And since God has a purpose for them and we receive the benefit them, there is an obligation on our part to support it. Paul lived with both the oppression and the benefits of the Roman empire including the “Roman Peace” which restrained theft, murder, etc. and allowed Paul to travel all over the Empire on Roman roads. Verse 6-7 add, 6 For because of this you also pay taxes, for rulers are servants of God, devoting themselves to this very thing. 7 Render to all what is due them; tax to whom tax is due; custom to whom custom; fear to whom fear; honor to whom honor.
Our duty to the state falls within our duty to God, and we are to always fulfill our duty to state until the state wants something that God has not regulated to it. If Peter and Paul said these things living under a pagan, despotic reign, which had many excesses and physically persecuted Christians, then how much more does what they say apply to us. We render to Caesar – and Governor Coumo and President Trump – what is due them. In this nation we have the privilege and responsibility to peacefully influence government and get it to carry out its affairs in a godly manner, but we may not rebel against it or refuse to pay our taxes. We render to human government what belongs to it for we receive the benefits that come from it including armed forces, police, fire protection, roads, safety and business laws, and even the weather service.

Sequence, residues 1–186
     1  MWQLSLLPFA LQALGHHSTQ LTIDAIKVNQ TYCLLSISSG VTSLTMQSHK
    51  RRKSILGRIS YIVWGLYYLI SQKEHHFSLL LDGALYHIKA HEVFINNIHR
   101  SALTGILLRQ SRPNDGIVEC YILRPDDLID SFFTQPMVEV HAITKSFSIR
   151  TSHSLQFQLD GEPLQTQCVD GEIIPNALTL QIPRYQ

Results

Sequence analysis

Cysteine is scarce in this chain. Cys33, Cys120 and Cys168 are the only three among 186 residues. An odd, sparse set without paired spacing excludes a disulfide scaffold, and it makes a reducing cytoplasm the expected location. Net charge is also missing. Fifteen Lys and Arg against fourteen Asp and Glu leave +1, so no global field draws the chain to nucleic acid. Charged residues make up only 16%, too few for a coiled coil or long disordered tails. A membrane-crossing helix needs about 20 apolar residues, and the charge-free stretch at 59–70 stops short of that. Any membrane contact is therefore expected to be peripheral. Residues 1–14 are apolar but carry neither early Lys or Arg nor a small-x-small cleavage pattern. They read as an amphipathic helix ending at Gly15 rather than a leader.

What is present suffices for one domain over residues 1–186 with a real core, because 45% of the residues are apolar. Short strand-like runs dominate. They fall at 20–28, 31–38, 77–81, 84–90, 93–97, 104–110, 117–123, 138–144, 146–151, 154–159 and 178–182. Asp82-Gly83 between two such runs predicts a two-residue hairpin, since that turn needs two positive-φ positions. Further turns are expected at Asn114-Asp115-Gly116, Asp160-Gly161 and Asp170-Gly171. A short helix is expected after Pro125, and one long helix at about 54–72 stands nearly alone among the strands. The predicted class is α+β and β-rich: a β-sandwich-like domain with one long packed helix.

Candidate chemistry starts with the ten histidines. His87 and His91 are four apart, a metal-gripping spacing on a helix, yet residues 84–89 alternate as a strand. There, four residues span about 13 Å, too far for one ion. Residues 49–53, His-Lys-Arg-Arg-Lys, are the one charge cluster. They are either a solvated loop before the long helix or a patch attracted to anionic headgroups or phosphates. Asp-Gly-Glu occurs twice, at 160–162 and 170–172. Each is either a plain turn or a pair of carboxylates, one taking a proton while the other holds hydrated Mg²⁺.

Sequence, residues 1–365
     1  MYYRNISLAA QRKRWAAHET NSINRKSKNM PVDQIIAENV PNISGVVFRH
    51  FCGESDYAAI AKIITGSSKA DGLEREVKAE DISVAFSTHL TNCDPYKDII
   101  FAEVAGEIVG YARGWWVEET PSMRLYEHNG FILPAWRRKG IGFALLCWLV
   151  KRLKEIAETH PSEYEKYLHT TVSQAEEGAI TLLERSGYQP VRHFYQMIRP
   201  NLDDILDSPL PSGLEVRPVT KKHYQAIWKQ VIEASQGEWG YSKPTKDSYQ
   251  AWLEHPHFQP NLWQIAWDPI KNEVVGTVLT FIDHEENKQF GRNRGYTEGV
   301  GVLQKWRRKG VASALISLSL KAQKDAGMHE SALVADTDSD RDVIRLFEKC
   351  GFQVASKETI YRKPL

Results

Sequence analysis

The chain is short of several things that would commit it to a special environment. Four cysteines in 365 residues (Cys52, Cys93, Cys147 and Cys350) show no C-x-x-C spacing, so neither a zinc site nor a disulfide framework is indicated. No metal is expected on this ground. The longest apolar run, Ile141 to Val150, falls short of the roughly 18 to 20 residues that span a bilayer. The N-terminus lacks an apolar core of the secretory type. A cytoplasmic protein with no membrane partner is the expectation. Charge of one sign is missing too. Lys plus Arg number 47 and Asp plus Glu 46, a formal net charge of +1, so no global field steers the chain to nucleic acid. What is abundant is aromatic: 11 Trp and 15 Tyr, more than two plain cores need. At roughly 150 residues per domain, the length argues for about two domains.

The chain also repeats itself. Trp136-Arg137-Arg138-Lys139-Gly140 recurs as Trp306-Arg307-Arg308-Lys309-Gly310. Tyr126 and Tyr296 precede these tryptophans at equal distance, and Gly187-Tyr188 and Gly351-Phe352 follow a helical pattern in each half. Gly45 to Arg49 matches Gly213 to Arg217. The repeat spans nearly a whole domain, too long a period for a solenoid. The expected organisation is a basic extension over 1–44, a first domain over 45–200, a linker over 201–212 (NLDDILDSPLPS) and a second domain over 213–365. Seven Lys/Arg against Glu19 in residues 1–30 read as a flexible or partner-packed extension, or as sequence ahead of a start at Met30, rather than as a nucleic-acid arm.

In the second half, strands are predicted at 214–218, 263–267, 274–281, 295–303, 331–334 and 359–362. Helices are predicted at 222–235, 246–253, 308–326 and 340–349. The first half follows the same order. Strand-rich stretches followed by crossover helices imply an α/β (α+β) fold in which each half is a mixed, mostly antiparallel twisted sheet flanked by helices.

And please note that paying taxes does not make you complicit with the evil that government does. The government and those making evil decisions and carrying out evil deeds will answer to God who condemns people for their sin, and, let me stress this, He removes governments for failure to carry out His purposes (See Daniel 4).
The second part of Jesus’ command is render to “God the things that are God’s.” Jesus does not make a separation between the secular and the sacred, for all things are under the sphere of God including human government. That, not patriotism, is the reason that Christians strive to be good citizens. The government is placed there by God. What Jesus states here is a limit to our submission to government due to our greater obligation to submit to God. We pay our taxes, obey the laws, and are good citizens until such point that government demands we disobey God or tries to take for itself what only belongs to God. In the specific case of this morning’s texts, that is worship. Caesar is to be paid his taxes for they belong to Him, but Caesar is not to be worshiped. Our allegiance is first and foremost to God, not government, but that is reason totalitarian governments persecute Christians. They want to be in positions that belong only to God.